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E-mail Etiquette Part I: The End-of-Thread Dilemma
How do you end an e-mail conversation without seeming rude?
Over the years, there have been a number of lapses in the way people understand and use e-mail. Today, it is getting worse, not better.
Most people, for example, know the basics about how e-mail is easily misinterpreted. If you often write short, terse messages (as I do), they will often be wrongly interpreted as being snarky. The emotional communication with e-mail systems has brought about the common use of emoticons to solve this dilemma. You can add a smiley face if there is any chance that someone is misconstruing your note as anything other than non-judgmental and kind. It means that the author is not insulting or trying to insult you in any way.
Most of this deep-seated knowledge about e-mail has been long since accepted despite the condemnations of linguists who, for years, bitched and moaned about the negative influence of the smiley face—or any emoticon, for that matter—on the public discourse. Those voices all disappeared once they began to use e-mail in earnest. The emoticon is not a problem, but rather it’s the solution to a problem.
While this was taken care of, other issues have still yet to be resolved. The one that is elusive and still bothersome is the end-of-thread dilemma.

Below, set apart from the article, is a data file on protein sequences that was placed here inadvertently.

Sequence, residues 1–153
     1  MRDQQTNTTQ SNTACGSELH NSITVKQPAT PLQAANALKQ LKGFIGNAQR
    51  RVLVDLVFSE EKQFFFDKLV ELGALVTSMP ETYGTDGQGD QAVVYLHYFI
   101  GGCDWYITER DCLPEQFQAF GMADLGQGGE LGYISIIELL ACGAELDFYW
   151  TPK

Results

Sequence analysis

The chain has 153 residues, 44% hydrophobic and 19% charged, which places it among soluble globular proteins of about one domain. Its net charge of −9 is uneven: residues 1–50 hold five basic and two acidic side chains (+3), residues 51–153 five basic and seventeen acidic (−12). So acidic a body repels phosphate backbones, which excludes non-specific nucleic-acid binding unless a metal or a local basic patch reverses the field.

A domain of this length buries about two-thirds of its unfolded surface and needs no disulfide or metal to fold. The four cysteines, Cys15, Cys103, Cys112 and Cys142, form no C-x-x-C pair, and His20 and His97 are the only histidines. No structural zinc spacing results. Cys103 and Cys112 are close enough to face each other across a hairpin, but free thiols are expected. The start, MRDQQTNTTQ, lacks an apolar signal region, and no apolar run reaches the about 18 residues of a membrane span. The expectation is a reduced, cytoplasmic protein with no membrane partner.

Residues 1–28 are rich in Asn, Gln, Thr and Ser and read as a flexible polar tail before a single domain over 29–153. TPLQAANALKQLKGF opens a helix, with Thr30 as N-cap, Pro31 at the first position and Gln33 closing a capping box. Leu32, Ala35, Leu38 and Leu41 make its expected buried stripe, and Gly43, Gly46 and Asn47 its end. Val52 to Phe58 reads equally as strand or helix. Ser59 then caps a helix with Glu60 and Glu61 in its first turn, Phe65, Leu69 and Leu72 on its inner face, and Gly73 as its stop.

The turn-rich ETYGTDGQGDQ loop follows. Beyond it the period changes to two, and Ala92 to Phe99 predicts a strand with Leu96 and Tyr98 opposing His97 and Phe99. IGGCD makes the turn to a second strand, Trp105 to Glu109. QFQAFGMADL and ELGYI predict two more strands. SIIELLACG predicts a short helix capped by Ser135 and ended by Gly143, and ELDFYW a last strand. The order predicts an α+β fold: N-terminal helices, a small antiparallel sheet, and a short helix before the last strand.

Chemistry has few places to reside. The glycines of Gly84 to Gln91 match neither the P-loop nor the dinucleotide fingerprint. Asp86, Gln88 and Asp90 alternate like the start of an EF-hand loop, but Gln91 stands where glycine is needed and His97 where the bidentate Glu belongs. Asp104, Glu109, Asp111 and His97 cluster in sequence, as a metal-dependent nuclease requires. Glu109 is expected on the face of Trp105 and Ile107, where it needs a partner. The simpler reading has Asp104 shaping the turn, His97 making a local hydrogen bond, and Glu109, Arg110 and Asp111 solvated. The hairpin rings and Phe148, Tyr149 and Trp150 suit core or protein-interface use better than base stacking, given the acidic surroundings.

The end-of-thread dilemma arises when you are corresponding with someone and the thread seems to have no end point. It might go like this:
User A: Yes, that was an Apex car I was driving.
User B: That’s what I thought. It’s a great car. I hope you enjoy driving it. You are very smart to own it. Thanks!
Immediately, User A has a problem. He or she was complimented and thanked—two situations that should elicit responses like “thanks for the compliment” and “you’re welcome.” Thus, the potentially endless thread continues if User A is guilt-ridden. So it ensues:
User A: Well, thanks for the compliment.
User B: You are more than welcome. I hope we can chat more on this subject sometime.
Oh no! It goes on!
User B could have in fact killed the thread by not responding, which would probably irk User A but it would at least end the thread. User B could have just written “you’re welcome” and hopefully ended the thread. Although, the thread could have been continued by User A with something abrupt, like “NP,” meaning “no problem.”
Instead, User B actually penned a new line of inquiry hinting that a response is necessary. This is where the game of “who kills the thread” begins, with both parties commenting back and forth forever. Sometimes it gets to the point where the winner is the person who had the last word. Getting nothing in return means the person who killed the thread with silence is a jerk.
It’s almost as if e-mail needs a moderator to work at all.
Unfortunately, there are no real rules of etiquette regarding these never-ending threads that devolve into lame pleasantries and mutual compliments, never resulting in a final good bye. In a chat room, you can say you’ve got to go and just leave. Departing from an e-mail thread in a similar fashion is probably considered rude. To manage e-mail, however, I read the note sent to me and simply reply, “Noted, thanks.”
So, I ask you readers, what do you do to get out of these never-ending loops? Tell me in the comment section.
By John C. Dvorak, PCMag